I did it!!

Day 1

Nothing can prepare you for the mix of excitement and fear stood at the start line. There are serious athletes here who intend to run the entire event and us mortals who will be satisfied simply to finish

Stage 1 showed us exactly how hard this is going to be, and Matt and I were slow throughout and delighted to make rendezvous at each checkpoint. As odd as this may sound, all I can focus on is 10Km at a time

The excitement of seeing the Atlantic Ocean crashing onto a deserted coast line would be our only highlight of the day where heat fatigue and blisters are all taking their toll and this is only day 1!!

Live to fight another day


Day 2

Just arrived back into camp in the knowledge that I couldn’t have given any more Day 2 was going to prove important in so many ways not least a good judge of how well Dan’s conditioning training had faired. Blisters and sore toe nails have set in and the bottom of my left foot split just after check point 3.

Today was a good day where Matt and I were able to put in some running between stretches of power walking and as I lay here recovering I am feeling human again quicker than expected.

The race organisers got the entire camp to sing me Happy Birthday before stage start and then at every checkpoint along the way, lovely surprise.

Hopefully Matt comes in soon buoyed by having competed over 60km of his first race.

Just going to open my birthday card from my wifeand then off to the medics for me!!! Card opened…. Emotional release.


Day 3

Today has been a brutal test, respected by theelite athletes and terrifying for everyone else. 25kms of beach running as a start off became a leveller for everyone and as if that wasn’t bad enough, another 8km of beach to checkpoint 3!!

The stage that will become Known as the endless horizon stage 4 even forced the elite runners to walk such was its brutality over rocks for the most part punctuated by loose sand and shale.

True, the beaches were beautiful and the seal colonies were bemused at goings on but on reflection that much sand rendered any sense of expectation worthless and the day became one of survival which brought me to tears as I crossed the line. Matt still out there and a 6.30 cut off to come, fingers crossed!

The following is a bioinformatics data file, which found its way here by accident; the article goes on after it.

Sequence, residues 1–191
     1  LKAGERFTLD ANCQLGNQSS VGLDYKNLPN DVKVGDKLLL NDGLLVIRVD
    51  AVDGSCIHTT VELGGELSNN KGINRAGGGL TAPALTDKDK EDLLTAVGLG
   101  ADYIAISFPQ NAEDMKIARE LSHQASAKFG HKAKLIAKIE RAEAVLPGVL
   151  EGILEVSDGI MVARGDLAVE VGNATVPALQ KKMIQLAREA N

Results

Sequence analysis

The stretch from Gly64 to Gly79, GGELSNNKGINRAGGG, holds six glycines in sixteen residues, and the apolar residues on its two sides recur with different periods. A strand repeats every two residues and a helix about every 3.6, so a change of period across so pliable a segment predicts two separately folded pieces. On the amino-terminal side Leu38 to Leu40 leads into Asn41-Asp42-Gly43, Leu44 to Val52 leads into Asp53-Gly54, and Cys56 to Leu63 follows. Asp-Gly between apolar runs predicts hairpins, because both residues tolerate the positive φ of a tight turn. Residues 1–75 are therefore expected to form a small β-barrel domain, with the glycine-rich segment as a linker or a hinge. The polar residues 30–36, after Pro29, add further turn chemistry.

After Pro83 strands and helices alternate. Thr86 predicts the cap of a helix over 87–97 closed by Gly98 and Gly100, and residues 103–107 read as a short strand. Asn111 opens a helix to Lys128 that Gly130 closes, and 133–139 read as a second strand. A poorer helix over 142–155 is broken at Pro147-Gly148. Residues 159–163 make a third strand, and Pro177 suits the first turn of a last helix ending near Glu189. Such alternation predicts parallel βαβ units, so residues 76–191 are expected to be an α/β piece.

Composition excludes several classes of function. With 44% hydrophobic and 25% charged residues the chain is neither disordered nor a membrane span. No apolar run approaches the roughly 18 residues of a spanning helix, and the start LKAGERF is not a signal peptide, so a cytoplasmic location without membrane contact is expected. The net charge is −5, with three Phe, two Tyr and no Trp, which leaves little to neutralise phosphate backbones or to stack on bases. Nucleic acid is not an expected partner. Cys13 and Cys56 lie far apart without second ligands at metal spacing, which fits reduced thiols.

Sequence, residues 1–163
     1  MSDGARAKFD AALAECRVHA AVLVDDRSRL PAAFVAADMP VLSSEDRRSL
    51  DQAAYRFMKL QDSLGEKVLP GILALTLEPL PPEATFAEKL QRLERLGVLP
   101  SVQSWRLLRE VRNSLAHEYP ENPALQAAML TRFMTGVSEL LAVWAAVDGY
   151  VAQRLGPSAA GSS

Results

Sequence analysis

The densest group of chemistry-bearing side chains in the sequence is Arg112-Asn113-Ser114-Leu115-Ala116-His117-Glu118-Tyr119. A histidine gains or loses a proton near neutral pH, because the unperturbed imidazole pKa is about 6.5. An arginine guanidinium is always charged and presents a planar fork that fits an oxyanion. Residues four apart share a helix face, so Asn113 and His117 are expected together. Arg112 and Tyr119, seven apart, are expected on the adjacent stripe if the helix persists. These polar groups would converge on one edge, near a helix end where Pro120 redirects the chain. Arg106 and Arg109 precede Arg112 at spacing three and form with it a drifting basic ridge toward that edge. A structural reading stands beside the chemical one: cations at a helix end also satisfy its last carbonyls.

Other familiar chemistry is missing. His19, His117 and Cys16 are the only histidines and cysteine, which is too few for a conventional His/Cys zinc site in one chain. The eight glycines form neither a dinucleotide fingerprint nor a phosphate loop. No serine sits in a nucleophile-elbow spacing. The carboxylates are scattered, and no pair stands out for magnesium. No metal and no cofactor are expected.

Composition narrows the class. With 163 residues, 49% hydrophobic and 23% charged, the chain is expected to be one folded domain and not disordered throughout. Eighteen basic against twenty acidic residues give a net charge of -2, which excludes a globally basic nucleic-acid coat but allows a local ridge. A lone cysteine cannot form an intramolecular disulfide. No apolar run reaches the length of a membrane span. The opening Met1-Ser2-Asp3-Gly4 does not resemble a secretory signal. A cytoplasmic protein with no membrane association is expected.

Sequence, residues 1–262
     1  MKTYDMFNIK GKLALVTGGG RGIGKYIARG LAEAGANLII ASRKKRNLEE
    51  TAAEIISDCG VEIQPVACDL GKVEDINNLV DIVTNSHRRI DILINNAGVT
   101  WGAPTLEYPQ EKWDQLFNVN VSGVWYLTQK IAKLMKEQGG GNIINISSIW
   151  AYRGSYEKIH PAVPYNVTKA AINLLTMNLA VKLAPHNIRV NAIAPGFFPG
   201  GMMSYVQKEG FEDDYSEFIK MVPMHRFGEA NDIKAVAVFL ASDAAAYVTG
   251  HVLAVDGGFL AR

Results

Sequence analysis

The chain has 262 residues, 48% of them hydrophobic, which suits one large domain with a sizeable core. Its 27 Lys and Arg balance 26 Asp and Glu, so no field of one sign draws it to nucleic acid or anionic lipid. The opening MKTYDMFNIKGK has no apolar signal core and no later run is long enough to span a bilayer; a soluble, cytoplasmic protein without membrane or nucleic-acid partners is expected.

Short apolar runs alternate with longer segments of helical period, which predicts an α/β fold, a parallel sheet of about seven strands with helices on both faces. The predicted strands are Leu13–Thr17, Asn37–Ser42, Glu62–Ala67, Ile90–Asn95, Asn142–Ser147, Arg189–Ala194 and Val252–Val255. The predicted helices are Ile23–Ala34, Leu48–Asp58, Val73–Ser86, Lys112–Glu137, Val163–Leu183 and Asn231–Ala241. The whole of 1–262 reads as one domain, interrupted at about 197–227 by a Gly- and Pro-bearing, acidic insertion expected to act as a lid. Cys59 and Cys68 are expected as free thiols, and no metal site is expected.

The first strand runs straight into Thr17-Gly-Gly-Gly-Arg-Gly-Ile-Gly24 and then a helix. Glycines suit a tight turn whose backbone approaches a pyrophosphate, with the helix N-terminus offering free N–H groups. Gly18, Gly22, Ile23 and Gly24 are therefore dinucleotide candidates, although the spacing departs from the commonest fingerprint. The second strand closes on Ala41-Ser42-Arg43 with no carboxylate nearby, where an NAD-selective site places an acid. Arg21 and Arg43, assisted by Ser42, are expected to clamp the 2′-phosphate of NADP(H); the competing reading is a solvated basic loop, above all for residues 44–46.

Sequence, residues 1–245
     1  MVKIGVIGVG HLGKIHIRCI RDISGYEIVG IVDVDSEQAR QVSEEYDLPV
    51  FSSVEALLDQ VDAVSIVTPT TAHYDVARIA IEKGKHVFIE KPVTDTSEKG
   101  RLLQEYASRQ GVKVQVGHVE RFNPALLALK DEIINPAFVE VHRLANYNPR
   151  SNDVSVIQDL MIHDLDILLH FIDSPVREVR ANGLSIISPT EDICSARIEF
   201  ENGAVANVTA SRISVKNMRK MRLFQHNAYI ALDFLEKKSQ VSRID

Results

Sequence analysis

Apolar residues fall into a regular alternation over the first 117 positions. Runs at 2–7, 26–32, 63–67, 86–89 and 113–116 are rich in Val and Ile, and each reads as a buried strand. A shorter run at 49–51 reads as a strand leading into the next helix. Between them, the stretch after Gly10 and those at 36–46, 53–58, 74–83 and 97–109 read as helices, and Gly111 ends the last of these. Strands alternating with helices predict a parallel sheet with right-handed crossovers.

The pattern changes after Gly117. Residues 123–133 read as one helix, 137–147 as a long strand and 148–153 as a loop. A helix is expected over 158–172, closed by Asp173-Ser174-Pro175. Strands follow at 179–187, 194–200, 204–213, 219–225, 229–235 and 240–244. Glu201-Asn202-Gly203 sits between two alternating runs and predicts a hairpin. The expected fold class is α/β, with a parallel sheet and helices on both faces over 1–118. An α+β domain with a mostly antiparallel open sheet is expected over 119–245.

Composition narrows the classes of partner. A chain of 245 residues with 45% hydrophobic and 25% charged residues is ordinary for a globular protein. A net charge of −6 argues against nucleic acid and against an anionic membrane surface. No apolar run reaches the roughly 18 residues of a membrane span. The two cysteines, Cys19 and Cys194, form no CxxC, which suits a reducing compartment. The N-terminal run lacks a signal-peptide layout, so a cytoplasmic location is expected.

Day 4 The Long March

Today will be the toughest day, made more so by record temperatures of 44 degrees and an easterly warm wind, good luck everyone! Regrettably Matt succumbed to the extreme conditions as to did another 15 competitors. The heat cannot be overstated and back to back 12km stages really tested everyone early in the day. Such was the ferocity of the heat that a record number of competitors took the opportunity to take a well earned break at CP4. Today was gruelling and coupled with extreme blisters it was always going to be test to such extent that I was very

Close to withdrawing myself. Stages that run through the night play tricks with the mind. At every checkpoint I was determined to withdraw but something inside repeatedly said you can’t. We are resting up now as recovery day passes slowly and steaming, as temperatures climb through 40’s again


Day 5

Survival is everything at this stage but my chafing has become so extreme that I can nearly stand up let alone move. This in addition to my shredded feet is making even the simplest this impossible. Today was dunes day absolutely the last thing I needed in this state and was prove and endurance that words cannot describe. The pain was incredible but the exhilaration of finishing was immense. As has become the norm Paul Matt and Carlos were at the finish line to meet me greeting me like a champion with drums beating the fellow racers cheering. That said by the time I came in they were happy for me to have arrived safely. I took straight to me bed shivering as my body temperature plummeted


Day 6

10k that’s all until an emotional reunion, can’t wait is an understatement!

The ‘invalids’ as the injured have become known started earlier than the main pack and we were royally sent off by the camp at 8.00am for the last excruciating leg of the this wonderful and painful challenge. Based on survival being the only commodity we were all all millionaire by the finish, emotionally drained and physically wretched. The sand dune that was the makeshift finish line was visible for a long time I was just unable to get to it.  Stood atop was Rach willing me in. As I was walking more like John Wayne it was clear to them who I was from a distance and so the tears began to flow. Mine had been artificially held in for days, and now could be released, good to see Sarah and Matt waiting… tears too. Each competitor who ran through     all exchanged brief but knowledgeable moments of admiration of what this event had inflicted on a few and how symbolic its end would be. I know each night during the closing days my rents mates were aghast and how damaged I had become physically but also respected my objective to get to the finish line. The ribbon holding the medal carried much more than its simple emblem- this had been an epic endurance and now it’s over, close that box!


People ask, what keeps you going? You draw on the inner things that are important, your family supporting you and willing you on, their photo in my back pack, their faces never far away but also the personal achievement and my inner determination not to give in – I just had to finish and that’s exactly what I did.